Society and Economy in the Middle Colonies
These colonies had trading relations to the West Indies and the Southern colonies, in which they exported food and livestock. They would grant large sums of land to men called patroons, who would then rent to people who would pay to use the provided accommodations of the land, this was called patroonship and originated from the Dutch. Dutch culture influenced the names of many places within the colonies. The middle colonies were diverse overall and had a neutral feel, not having too many slaves like the South, or much trade and industrialization as the New England colonies.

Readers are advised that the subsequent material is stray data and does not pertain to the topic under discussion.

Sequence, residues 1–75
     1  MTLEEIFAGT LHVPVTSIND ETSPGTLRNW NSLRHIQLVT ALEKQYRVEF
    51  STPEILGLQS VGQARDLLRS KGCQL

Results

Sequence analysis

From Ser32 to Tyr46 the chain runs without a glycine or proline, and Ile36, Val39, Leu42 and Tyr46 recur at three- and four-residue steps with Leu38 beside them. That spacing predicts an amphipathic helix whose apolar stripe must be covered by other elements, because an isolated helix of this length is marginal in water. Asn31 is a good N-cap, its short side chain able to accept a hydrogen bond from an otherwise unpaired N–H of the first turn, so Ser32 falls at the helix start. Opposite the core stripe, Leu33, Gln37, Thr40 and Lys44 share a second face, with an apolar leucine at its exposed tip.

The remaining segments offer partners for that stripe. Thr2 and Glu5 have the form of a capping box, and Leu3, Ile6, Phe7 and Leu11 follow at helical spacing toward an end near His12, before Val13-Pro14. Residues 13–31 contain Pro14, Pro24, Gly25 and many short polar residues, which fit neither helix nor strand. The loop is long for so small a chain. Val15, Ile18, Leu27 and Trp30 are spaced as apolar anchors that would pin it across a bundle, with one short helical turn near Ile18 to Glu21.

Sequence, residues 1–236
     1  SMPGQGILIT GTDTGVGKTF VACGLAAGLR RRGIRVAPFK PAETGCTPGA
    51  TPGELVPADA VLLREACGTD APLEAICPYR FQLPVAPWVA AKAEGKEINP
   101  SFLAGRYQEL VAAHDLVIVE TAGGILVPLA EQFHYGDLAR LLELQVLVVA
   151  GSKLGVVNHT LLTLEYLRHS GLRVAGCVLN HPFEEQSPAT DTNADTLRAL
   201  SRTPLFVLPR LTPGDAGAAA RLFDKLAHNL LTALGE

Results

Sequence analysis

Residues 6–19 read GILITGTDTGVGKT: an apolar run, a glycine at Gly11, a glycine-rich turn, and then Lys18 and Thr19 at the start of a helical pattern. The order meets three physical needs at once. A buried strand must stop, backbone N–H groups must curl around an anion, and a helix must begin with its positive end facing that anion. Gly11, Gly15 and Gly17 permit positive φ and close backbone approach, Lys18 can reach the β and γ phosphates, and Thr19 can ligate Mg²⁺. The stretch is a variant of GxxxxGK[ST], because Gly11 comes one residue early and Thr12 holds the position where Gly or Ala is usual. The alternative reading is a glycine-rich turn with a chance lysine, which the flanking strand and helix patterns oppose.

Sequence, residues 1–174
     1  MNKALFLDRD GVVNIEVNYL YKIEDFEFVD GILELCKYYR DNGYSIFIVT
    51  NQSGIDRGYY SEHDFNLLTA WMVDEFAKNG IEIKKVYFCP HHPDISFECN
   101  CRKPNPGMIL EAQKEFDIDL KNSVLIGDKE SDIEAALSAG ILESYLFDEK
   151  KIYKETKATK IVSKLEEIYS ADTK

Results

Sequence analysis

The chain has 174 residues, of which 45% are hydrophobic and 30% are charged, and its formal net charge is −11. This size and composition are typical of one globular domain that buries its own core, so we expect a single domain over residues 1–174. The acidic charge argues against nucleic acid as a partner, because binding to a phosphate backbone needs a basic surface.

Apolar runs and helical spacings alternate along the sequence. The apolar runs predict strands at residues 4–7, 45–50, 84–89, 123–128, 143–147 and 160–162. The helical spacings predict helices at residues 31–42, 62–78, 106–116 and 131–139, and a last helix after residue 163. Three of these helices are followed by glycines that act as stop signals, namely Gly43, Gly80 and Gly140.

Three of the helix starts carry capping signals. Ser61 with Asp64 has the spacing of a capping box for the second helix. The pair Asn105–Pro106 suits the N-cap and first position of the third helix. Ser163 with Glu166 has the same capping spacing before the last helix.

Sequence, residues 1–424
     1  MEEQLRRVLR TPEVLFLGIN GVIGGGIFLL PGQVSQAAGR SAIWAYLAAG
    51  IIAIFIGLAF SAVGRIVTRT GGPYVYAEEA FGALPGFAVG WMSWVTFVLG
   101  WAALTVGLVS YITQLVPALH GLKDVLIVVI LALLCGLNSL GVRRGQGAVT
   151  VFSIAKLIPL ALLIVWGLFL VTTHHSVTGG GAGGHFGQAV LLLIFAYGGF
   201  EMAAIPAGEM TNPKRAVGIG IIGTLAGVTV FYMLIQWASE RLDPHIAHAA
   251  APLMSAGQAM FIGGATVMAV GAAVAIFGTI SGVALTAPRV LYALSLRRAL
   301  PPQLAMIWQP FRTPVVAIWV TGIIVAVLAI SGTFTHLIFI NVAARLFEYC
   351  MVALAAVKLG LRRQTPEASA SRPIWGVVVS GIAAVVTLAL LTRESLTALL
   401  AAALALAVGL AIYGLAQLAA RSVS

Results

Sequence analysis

An Emerging Colonial System
The British leader Walpole provided a policy of “salutary neglect”, where the colonies had freedom in their economic pursuits because of British stubbornness to pay for enforcing certain regulations upon the colonies, because of this they formed a self reliant attitude which they were not willing to change, eventually leading to the outbreak of conflict. The colonial assemblies gained power and influence thus following the precedent of self government.
Warfare in the Colonies